Asia Pacific real estate investors will be motivated by fundamental investment objectives, including seeking favorable yield spreads and adopting higher risk/return strategies, according to CBRE’s Asia Pacific Investor Intentions Survey 2017.
CBRE’s latest report—which analyzes the outlook and appetite of the region’s real estate investors—reveals that while Asia Pacific investors are less willing to invest more in real estate compared to last year, they do have a stronger appetite for higher risk assets due to the potential return.
According to CBRE, 37% of respondents identify ‘chasing yield spread’ as the main motivation for investing in real estate, compared to 15% in 2016. Without the tailwind of further cap rate compression, the emphasis on capital appreciation has weakened.
Global and regional economic worries are still the key concern for overall investors but worries have eased compared to last year’s survey—only 25% in 2017 to 2016’s 46%.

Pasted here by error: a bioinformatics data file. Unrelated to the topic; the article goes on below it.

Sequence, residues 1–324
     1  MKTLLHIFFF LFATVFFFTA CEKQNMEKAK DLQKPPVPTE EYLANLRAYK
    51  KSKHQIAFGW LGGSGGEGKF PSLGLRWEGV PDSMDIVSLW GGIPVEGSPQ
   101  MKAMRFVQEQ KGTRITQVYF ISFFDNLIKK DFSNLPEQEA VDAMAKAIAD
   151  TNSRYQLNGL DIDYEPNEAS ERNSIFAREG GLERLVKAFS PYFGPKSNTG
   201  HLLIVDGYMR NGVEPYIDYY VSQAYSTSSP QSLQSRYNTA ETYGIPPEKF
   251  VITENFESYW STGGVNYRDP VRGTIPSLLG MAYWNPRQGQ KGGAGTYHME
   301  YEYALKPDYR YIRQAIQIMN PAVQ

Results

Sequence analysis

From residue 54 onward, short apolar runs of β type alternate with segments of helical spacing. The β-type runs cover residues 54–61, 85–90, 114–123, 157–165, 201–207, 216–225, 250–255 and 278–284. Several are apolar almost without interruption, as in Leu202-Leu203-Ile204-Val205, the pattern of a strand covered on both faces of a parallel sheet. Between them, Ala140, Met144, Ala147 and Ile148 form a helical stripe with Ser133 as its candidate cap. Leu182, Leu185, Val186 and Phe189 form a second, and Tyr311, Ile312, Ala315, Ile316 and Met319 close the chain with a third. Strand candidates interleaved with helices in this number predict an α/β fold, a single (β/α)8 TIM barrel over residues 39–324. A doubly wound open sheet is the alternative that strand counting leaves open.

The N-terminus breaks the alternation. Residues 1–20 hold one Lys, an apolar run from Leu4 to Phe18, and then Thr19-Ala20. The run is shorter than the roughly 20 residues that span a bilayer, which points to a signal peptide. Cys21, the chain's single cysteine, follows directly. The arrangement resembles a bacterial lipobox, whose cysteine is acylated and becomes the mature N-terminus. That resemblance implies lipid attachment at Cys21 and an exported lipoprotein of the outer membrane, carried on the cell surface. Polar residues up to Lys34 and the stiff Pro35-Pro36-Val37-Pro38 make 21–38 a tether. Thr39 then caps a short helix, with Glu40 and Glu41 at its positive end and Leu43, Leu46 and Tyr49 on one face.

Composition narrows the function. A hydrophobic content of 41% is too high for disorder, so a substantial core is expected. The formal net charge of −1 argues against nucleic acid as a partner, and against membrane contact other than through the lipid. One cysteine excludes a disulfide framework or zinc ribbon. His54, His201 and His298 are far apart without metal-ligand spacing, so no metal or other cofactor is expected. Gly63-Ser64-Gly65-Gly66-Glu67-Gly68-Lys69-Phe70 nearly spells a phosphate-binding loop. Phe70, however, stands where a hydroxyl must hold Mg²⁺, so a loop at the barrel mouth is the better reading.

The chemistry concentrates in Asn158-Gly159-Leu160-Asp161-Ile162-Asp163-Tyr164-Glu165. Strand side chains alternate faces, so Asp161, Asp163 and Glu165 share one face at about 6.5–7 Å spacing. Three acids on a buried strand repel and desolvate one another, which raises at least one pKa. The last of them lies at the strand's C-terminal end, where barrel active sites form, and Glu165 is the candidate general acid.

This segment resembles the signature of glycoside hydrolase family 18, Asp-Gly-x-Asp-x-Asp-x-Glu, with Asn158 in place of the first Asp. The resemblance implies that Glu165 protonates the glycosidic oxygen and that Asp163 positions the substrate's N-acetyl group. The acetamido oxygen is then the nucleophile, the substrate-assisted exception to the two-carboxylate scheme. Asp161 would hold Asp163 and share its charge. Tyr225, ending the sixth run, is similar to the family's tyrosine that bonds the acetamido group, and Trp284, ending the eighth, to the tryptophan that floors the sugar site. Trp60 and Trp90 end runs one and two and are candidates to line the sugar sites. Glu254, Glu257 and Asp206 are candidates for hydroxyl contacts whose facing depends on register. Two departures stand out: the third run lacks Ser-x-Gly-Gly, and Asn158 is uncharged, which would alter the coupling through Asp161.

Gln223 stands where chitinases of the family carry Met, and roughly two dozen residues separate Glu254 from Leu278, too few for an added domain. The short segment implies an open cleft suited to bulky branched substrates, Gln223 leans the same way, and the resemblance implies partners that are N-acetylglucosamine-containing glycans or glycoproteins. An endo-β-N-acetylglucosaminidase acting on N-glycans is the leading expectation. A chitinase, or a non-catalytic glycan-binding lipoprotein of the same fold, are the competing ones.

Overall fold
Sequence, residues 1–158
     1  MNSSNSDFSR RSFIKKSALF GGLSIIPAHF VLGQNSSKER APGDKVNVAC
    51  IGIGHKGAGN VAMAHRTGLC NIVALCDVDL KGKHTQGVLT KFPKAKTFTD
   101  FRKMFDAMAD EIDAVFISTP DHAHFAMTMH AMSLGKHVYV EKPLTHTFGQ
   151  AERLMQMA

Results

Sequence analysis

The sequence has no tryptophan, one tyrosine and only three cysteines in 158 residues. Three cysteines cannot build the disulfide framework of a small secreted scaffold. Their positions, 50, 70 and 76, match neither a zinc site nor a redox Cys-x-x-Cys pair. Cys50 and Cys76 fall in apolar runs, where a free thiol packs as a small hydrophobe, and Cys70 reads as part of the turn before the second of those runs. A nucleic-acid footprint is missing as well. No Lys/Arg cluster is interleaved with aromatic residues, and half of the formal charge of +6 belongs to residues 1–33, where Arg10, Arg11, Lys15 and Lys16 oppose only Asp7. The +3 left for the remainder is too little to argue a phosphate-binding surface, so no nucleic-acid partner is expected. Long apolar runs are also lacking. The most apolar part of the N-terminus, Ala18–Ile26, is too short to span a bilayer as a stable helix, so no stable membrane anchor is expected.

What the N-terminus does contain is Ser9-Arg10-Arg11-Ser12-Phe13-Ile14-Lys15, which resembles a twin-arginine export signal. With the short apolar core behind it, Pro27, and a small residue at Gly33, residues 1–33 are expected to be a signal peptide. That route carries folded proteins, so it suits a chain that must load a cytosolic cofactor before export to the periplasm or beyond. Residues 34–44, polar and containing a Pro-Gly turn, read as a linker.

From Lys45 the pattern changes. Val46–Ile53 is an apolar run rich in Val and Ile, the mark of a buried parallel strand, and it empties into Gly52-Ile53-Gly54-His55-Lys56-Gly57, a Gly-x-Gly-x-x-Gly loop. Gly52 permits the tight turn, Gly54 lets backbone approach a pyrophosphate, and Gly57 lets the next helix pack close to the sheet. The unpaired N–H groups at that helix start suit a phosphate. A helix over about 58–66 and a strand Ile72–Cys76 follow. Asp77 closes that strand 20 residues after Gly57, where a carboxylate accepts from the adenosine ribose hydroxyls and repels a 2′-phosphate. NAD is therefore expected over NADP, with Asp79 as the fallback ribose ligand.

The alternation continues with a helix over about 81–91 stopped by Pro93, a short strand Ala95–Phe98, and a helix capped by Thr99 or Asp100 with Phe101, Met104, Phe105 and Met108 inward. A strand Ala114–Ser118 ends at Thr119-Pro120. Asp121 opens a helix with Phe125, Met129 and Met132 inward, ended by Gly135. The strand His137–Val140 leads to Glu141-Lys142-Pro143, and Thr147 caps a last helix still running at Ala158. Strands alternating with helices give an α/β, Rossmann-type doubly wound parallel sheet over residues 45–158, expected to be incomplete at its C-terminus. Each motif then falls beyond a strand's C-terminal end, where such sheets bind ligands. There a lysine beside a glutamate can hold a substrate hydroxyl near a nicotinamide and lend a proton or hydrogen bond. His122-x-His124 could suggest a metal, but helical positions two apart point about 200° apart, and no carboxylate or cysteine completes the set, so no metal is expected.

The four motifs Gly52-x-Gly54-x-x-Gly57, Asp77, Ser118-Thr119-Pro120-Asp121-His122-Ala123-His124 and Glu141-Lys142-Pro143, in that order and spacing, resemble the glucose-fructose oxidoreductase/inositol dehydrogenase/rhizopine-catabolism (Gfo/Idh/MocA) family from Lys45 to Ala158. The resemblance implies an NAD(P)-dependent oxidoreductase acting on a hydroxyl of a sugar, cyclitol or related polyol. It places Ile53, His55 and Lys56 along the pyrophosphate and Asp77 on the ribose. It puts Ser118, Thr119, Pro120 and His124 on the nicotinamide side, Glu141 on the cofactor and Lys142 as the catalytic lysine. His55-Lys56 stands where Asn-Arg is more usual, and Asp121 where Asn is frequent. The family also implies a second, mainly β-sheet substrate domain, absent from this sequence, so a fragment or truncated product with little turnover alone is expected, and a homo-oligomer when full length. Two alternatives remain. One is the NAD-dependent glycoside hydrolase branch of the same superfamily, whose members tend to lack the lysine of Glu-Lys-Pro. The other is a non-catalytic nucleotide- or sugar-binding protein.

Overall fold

“There is an increase in the number of investors motivated by geographical diversification, which is mainly driven by international and Asian investors. Asian investors have low allocations to overseas real estate, prompting them to diversify their portfolios,” said Robert Fong, Director of Research, CBRE Asia Pacific.
Australia, Japan and China retain their status as the top three preferred cross-border investment destinations. Australia was the top choice for the second consecutive year as investors continue to be lured by its attractive risk/return profile and substantial liquidity. Interest in Japan faded amid worries that fundamentals might be peaking along with weaker economic growth. In China, investors’ interest is driven by strong economic fundamentals and the opportunity to purchase undervalued assets, however, current market conditions pose a challenge when seeking a positive yield spread.
Elsewhere, interest in Vietnam rose significantly on the back of the country’s strong macro fundamentals and higher initial yields. However, investible stock remains limited, and the typical method of entry relies on forming joint-ventures with domestic developers.